A drastic request from Ukraine calling for major Russian internet domains to be revoked has been rejected by ICANN, the California-based nonprofit that helps oversee the internet.
On Wednesday, ICANN President Göran Marby told the Ukrainian government his organization had no authority to enact such a request. “Our mission does not extend to taking punitive actions, issuing sanctions, or restricting access against segments of the internet —regardless of the provocations,” he wrote in a letter to Ukraine Vice Prime Minister Mykhailo Fedorov.
On Monday, Fedorov made the extraordinary request, which would’ve involved ICANN revoking domains issued to the Russian government, including .ru and .su. In addition, he urged ICANN to shut down Russia’s root DNS servers in the country, which would’ve disrupted local Russian internet users from visiting sites across the web.
Fedorov called for the drastic action to help stop Russia from spreading content justifying the country’s invasion of Ukraine. ”All of these measures will help users seek for reliable information in alternative domain zones, preventing propaganda and disinformation,” he wrote to ICANN.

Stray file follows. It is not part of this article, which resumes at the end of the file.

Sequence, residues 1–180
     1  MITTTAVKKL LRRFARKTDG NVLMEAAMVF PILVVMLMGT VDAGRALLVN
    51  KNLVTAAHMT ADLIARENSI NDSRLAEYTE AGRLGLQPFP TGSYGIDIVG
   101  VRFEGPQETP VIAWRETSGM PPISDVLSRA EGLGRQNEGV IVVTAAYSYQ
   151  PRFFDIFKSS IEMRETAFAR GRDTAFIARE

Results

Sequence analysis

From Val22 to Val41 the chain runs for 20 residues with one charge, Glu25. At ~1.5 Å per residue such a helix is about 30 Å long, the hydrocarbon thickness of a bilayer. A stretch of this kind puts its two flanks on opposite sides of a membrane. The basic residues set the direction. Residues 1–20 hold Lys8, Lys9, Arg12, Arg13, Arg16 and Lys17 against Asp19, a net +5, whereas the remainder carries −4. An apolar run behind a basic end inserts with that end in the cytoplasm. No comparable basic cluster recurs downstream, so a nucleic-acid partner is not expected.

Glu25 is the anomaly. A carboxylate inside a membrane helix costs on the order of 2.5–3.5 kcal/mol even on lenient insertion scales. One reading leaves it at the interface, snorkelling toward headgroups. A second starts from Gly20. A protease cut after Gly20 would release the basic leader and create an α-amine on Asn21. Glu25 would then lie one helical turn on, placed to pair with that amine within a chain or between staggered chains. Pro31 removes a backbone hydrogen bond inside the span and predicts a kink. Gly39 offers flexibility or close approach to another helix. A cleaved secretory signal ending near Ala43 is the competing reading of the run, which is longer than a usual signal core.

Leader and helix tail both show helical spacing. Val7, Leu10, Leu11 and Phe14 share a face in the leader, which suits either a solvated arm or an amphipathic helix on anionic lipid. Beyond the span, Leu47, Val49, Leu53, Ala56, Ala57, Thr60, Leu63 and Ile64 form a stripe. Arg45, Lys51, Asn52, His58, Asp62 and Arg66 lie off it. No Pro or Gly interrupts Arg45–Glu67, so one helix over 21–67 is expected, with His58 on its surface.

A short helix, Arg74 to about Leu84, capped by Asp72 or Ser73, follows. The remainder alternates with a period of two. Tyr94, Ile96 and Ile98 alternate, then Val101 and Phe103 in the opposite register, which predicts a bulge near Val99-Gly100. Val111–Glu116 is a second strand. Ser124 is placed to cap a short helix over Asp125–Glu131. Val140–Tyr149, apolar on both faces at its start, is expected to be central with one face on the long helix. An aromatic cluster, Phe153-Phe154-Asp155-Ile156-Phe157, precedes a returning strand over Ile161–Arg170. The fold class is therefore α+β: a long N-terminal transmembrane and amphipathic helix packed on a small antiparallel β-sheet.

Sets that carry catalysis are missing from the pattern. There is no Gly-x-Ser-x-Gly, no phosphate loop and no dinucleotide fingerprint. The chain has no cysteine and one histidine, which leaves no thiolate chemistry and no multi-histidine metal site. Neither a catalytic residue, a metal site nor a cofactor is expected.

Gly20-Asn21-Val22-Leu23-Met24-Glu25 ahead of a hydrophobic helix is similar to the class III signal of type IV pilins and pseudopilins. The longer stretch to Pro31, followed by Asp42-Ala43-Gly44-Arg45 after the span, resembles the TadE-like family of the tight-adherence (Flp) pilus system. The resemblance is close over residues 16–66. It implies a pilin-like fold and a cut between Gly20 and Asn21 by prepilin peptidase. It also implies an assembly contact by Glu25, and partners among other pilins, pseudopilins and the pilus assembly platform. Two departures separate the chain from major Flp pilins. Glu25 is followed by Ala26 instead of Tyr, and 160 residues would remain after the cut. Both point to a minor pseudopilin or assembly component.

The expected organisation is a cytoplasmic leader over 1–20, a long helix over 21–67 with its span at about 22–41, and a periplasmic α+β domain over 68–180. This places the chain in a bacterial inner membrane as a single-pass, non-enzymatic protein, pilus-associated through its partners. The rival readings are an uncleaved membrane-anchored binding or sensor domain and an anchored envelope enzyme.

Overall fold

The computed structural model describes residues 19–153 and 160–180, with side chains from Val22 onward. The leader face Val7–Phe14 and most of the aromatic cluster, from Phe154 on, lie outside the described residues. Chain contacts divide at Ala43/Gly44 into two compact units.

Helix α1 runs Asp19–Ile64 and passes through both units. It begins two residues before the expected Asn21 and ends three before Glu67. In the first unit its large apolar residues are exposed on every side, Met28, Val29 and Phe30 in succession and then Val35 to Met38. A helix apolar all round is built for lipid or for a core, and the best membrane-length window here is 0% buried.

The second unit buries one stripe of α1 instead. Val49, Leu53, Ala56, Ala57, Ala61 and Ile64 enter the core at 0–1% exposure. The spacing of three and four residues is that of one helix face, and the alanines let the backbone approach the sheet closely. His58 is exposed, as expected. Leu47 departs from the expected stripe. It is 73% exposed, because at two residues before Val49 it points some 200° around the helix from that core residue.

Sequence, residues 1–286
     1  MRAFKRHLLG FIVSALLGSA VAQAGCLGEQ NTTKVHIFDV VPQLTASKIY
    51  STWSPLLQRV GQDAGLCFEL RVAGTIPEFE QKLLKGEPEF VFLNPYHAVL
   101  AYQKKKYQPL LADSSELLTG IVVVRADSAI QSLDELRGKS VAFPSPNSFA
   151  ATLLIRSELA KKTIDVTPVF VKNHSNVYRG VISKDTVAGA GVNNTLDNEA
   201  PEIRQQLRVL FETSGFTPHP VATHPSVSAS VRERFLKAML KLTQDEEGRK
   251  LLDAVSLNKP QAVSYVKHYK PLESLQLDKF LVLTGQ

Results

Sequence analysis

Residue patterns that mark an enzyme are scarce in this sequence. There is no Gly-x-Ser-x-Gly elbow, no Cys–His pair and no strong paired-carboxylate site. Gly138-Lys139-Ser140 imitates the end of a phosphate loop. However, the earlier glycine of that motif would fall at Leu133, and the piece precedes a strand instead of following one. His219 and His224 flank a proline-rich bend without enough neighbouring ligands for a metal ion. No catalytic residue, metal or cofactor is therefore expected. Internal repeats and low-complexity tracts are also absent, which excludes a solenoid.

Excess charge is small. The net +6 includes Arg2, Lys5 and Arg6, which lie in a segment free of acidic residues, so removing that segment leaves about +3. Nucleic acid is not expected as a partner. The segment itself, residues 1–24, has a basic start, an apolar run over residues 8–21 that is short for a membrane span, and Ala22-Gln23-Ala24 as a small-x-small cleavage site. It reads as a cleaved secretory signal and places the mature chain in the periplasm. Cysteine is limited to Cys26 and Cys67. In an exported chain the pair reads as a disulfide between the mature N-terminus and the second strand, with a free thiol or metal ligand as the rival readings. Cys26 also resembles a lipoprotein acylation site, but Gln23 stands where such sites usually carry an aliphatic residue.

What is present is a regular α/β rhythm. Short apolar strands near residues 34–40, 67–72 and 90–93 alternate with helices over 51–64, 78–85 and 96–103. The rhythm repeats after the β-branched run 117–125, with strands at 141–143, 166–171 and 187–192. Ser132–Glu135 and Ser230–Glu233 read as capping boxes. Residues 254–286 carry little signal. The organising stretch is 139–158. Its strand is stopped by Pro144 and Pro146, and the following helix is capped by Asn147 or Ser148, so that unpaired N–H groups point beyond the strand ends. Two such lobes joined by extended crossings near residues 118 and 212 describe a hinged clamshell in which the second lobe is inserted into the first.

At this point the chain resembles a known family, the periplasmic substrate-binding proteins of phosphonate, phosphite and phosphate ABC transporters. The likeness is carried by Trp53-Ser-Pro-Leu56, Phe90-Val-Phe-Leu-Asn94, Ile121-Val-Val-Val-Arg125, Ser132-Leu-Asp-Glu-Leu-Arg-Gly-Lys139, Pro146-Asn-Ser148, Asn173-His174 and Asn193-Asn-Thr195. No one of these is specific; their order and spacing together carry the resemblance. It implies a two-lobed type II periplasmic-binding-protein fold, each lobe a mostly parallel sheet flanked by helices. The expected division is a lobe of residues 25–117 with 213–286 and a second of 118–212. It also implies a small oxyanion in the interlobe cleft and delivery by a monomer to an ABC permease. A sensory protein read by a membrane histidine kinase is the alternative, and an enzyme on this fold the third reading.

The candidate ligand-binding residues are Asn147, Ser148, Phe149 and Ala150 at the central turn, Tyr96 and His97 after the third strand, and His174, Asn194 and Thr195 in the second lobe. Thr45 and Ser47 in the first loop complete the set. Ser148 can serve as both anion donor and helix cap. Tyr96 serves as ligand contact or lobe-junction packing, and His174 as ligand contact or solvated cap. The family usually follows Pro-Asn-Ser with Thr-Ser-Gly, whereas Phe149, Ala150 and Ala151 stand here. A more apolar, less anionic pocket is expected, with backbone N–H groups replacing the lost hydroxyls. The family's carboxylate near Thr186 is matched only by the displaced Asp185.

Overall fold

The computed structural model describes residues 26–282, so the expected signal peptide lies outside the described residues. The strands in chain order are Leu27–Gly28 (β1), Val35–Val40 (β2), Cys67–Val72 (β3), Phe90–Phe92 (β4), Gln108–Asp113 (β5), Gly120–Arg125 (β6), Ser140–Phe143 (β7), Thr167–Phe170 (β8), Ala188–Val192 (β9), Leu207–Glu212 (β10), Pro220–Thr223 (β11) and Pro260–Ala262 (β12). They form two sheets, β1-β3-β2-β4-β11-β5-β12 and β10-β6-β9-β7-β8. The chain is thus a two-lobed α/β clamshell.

But ICANN’s president said his organization’s goal is to remain neutral and apolitical. “We have no sanction-levying authority,” Marby wrote. “Essentially, ICANN has been built to ensure that the Internet works, not for its coordination role to be used to stop it from working.”
He added that ICANN has no power to shut down the root DNS servers in Russia because they’re maintained by independent operators. ICANN policies were also never designed to let the nonprofit act unilaterally when it comes to interfering with the internet operations of another country. “Such a change in the process would have devastating and permanent effects on the trust and utility of this global system,” Marby added.
Fedorov has yet to respond to the denial. But for days now, he’s been urging all tech companies, including gaming developers, to shun the Russian market in the hopes it’ll pressure the Kremlin to call off the invasion.
In the meantime, critics sympathetic to Ukraine’s cause have also said the country’s request to disrupt Russia’s internet went too far. “In the short-term, this is a bad plan because it would cut the Russian man-on-the-street off from international news and perspectives, leaving them with only what the Russian government chooses to tell them,” wrote Bill Woodcock, executive director of the nonprofit Packet Clearing House, which helps secure critical infrastructure.
“In the long-term, this would set the precedent that small industry associations in Los Angeles and Amsterdam would be playing arbiter in international conflicts,” he added.
Former ICANN President Paul Twomey agreed: “Keeping the protocol layer operating in Russia is the best way to ensure that sites carrying diverse views to Russian audiences are effective.”
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